Many tumors are potentially immunogenic, as corroborated by the presence of tumor-specific immune responses in vivo. Nonetheless, spontaneous clearance of established tumors by endogenous immune mechanisms is rare. Thus, the focus of most cancer immunotherapy is to supplement essential immunogenic elements to boost tumor specific immunity. Why, then, has tumor immunotherapy resulted in a generally poor clinical efficiency? The reason may lie in the increasingly documented fact that tumors develop diverse strategies that escape tumor specific immunity. In this talk I will discuss Treg and Th17 cells, their regulation in the tumor microenvironment and their therapeutic relevance.

Treg cells: Tumors express a range of antigens including self-antigens. Regulatory T cells (Tregs) are critical for maintaining T cell tolerance to self-antigens. Tregs are thought to dampen tumor associated antigen (TAA)-specific T cell immunity and to be the main obstacle tempering successful immunotherapy and active vaccination. Tregs accumulate within the tumor environment, and inhibit TAA-specific cytotoxicity and contribute to tumor growth in vivo, and predict a striking reduction of cancer patient survival. There are four potential sources for CD4+ Tregs in the tumor environment. (i). Trafficking. CD4+ Tregs from the thymus, lymph nodes, bone marrow and peripheral blood traffic into the tumor. CD4+ Tregs express CCR4, and abundant expression of CCL22 in the ovarian tumor environment stimulates Treg tumor infiltration. (ii). Differentiation. The tumor environment contains molecules capable of suppressing APC differentiation and function. These induce dysfunctional APCs, which in turn stimulate Treg differentiation. (iii). Expansion. Antigen presenting cells (APCs) including dendritic cells (DCs) and myeloid cells can stimulate Treg expansion and it is predicted that APCs in the tumor environment and draining lymph nodes may also induce Treg expansion. (iv). Conversion. Conventional T cells can be converted into Tregs by TGF-β, and high levels of TGF-β are often found in the tumor environment.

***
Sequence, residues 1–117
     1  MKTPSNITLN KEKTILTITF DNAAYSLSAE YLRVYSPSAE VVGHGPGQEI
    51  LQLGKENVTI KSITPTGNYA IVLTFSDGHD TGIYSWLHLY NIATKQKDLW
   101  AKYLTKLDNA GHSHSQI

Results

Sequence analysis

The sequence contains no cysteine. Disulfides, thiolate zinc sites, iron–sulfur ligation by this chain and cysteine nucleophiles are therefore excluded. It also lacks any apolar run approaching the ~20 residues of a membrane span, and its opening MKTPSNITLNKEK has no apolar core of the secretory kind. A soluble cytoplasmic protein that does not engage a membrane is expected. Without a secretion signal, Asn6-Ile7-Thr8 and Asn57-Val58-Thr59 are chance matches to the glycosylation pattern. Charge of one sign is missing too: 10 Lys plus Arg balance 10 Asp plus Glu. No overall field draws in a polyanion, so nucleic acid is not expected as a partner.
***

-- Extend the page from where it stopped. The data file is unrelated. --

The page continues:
B7-H4 and Tregs: Tregs apply multiple modes of suppressive mechanisms in variable pathologic situations. Tregs can mediate immunosuppression at the level of APCs. For example, high numbers of B7-H4+ macrophages are found in ovarian tumor environments. Tumor B7-H4+ macrophages induced T cell cycle arrest and inhibited TAA-specific T cell responses through B7-H4. Interestingly, CD4+ Tregs triggered APC IL-10 production, induced B7-H4 expression on APCs through IL-10, and rendered APCs immunosuppressive through B7-H4. CD4+ Tregs may convey suppressive activity to APCs by stimulating B7-H4 expression. This suppressive mechanism may occur in the tumor environment including human ovarian cancer.

Th17 cells: Although an understanding of the role during cancer development and progression has been elusive, the frequent presence of inflammatory immune cells and molecular mediators in tumors has been recognized for over a century. Tumor has therefore been considered as a chronic inflammatory disease. IL-17 is a master proinflammatory cytokine. An effector CD4+ T cell lineage, IL-17 producing subpopulation, called Th17 has recently been described. Th17 cells play an active role in inflammation and autoimmune diseases. However, the nature, regulation and role of Th17 in the context of tumor immunity remain unknown. In this talk, I will discuss the kinetic distribution and phenotype of Th17 cells in multiple tumor microenvironments in mice and humans. We will compare the distribution and regulation of Tregs and Th17 cells in the tumor environments, and provide evidence supporting the concept that Treg and Th17 cells may be largely controlled by local environmental cytokines.

98th AACR Annual Meeting-- Apr 14-18, 2007; Los Angeles, CA